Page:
Sign 1: You had Internet access yesterday, but you can’t log on today. Your router’s lights might all be illuminated, or they might be dark. Windows informs you that you have “Limited Connectivity” or, worse, it says nothing at all.
Suggestions: This is a pretty good clue that your router has suffered a catastrophic failure. First, check your connections: Try using a different Ethernet cable and, if possible, a different computer. Maybe it’s your system that’s being fussy and not your networking device. If you can, unplug the router from the modem and unplug it from its electrical outlet. Cycle the power on the modem. Wait. Plug the router back into the modem, and then plug the router back into the wall.
No dice? Prepare a short speech to commemorate the good times you had your router had together.
Sign 2: You can’t seem to get anything done without your connection dropping off and reconnecting after a short delay. These interruptions are more frequent and annoying than you remember them ever being before. You can barely go a few hours without the wireless signal dropping out.
Suggestions: Look into this strange behavior by opening the router’s online configuration screen and hunt for the option that resets the device to its default factory settings. Password-lock your wireless network just in case some third-party traffic is overloading your device. Check the manufacturer’s site for firmware updates, and install them if you find any that are newer than the firmware you’re already using. Try powering off your wireless signal to see if you can at least sustain an uninterrupted wired connection.
If none of that works, switch the router to a new electrical connection, just in case a power glitch is zapping your device on and off. Try moving your router to a new location: Nearby interference could be impacting your wireless connection. Or, to battle interference another way, load the configuration screen and adjust the channel being used for your wireless signal.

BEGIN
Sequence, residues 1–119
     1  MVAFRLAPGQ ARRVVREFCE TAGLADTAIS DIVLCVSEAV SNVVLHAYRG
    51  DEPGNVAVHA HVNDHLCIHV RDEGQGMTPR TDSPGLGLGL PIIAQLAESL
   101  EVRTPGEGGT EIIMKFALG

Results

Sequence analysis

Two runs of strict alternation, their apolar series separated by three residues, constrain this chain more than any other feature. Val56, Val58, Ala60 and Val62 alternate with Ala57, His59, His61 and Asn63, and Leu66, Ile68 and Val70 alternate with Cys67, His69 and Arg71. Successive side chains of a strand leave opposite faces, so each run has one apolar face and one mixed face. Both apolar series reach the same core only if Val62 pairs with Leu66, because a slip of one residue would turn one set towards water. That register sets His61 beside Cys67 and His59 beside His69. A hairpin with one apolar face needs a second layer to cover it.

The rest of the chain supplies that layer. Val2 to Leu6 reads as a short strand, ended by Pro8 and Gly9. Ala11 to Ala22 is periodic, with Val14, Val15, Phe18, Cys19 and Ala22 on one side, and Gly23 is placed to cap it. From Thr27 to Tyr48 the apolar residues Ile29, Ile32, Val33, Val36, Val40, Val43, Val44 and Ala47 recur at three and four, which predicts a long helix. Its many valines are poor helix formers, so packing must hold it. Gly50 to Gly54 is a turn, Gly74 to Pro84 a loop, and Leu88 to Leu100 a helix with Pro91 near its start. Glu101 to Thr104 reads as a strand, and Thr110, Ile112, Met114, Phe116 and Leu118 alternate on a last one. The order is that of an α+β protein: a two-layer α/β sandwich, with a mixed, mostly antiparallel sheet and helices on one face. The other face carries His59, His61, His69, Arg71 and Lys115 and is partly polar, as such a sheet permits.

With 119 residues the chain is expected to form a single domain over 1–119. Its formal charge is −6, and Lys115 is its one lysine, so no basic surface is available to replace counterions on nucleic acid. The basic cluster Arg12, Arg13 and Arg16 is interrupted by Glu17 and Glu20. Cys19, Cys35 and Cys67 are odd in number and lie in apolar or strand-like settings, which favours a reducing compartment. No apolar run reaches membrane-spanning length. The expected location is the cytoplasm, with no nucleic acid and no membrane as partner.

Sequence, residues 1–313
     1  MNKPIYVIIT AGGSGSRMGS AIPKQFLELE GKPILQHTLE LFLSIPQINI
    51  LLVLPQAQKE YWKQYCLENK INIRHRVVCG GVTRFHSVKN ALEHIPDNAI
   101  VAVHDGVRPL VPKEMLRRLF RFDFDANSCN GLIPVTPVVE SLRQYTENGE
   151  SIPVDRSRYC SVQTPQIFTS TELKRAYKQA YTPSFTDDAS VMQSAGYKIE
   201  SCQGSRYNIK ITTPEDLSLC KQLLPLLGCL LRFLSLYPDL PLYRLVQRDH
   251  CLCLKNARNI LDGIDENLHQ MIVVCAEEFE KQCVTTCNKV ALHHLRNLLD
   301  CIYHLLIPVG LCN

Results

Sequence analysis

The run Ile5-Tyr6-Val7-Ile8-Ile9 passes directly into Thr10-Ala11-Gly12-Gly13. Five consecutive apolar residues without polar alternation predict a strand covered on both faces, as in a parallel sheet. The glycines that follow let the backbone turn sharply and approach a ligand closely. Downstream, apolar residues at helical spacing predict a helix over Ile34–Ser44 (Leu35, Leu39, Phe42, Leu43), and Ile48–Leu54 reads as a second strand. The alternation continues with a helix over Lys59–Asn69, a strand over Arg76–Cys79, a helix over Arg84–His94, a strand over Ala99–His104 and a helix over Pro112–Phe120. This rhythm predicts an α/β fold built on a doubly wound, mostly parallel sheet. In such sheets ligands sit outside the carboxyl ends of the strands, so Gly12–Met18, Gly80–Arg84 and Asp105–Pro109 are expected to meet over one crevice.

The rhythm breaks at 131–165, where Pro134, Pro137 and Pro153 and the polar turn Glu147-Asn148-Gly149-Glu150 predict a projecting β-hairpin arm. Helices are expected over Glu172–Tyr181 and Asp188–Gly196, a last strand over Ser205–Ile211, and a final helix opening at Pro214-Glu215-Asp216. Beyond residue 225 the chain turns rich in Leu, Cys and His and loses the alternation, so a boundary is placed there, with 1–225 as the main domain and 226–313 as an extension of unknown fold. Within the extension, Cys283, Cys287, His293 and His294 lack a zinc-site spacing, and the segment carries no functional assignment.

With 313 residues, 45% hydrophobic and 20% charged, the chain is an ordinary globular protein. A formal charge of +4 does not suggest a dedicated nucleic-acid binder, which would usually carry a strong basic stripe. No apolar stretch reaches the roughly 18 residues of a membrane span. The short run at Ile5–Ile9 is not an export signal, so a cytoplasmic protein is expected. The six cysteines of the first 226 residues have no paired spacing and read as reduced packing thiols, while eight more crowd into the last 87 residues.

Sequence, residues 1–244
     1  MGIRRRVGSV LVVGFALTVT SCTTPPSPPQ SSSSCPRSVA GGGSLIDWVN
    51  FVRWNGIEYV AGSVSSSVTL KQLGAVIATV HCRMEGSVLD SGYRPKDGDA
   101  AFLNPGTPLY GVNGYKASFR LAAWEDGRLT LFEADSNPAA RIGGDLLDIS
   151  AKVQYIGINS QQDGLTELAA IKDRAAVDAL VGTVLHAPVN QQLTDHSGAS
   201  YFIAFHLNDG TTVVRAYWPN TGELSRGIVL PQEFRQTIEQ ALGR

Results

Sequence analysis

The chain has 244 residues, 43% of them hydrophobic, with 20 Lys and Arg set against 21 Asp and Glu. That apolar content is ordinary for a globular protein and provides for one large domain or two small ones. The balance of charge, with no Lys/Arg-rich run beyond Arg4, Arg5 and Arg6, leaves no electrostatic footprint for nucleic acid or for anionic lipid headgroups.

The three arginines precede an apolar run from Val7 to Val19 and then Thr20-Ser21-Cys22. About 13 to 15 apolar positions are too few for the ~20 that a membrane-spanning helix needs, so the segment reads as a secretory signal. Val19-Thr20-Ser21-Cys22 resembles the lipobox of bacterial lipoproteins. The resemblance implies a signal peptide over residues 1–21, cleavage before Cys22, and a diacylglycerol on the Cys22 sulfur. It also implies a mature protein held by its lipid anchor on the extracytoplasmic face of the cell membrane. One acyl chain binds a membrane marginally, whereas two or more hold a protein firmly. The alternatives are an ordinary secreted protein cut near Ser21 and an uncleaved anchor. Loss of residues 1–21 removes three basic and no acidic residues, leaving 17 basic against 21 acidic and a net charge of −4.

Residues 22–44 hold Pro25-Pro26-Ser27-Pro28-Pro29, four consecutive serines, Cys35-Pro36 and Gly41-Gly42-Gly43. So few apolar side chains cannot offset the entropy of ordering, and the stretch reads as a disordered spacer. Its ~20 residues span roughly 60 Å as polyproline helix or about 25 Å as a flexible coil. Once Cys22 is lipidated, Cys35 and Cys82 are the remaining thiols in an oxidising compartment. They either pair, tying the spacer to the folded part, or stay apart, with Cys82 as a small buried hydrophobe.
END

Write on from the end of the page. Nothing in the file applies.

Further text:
Sign 3: You know you’re using all four ports on the router, but no lights indicate that a connection is present. All the lights on the front could also be solid and illuminated. Or the light indicating the router’s connection to your DSL or cable modem just keeps blinking, and blinking, and … .
Suggestions: Power-cycle your router by unplugging it, waiting 30 seconds, and plugging it back in. You can also try a hard reset — most routers come with a tiny button that, when held in for four to seven seconds, resets the device to its factory default settings. Make sure it isn’t running hot to the touch, and check the room’s ventilation. Though it’s rare, your device might have simply overheated.
Unplug and reattach your Ethernet cables and, if possible, use spares to test whether you can achieve a sustained connection between your router and your DSL or cable modem. If you haven’t already, go into the router’s configuration screens and update the firmware to the latest version supplied by the manufacturer. Remove any non-networking devices attached to the router (like a USB device) and give it a reset.
If you’ve worked through these suggestions and the router still isn’t performing up to snuff, it’s time to look into getting a new one. Check out D-Link’s site (wherever your can find some Wi-Fi) for a replacement device or other support assistance.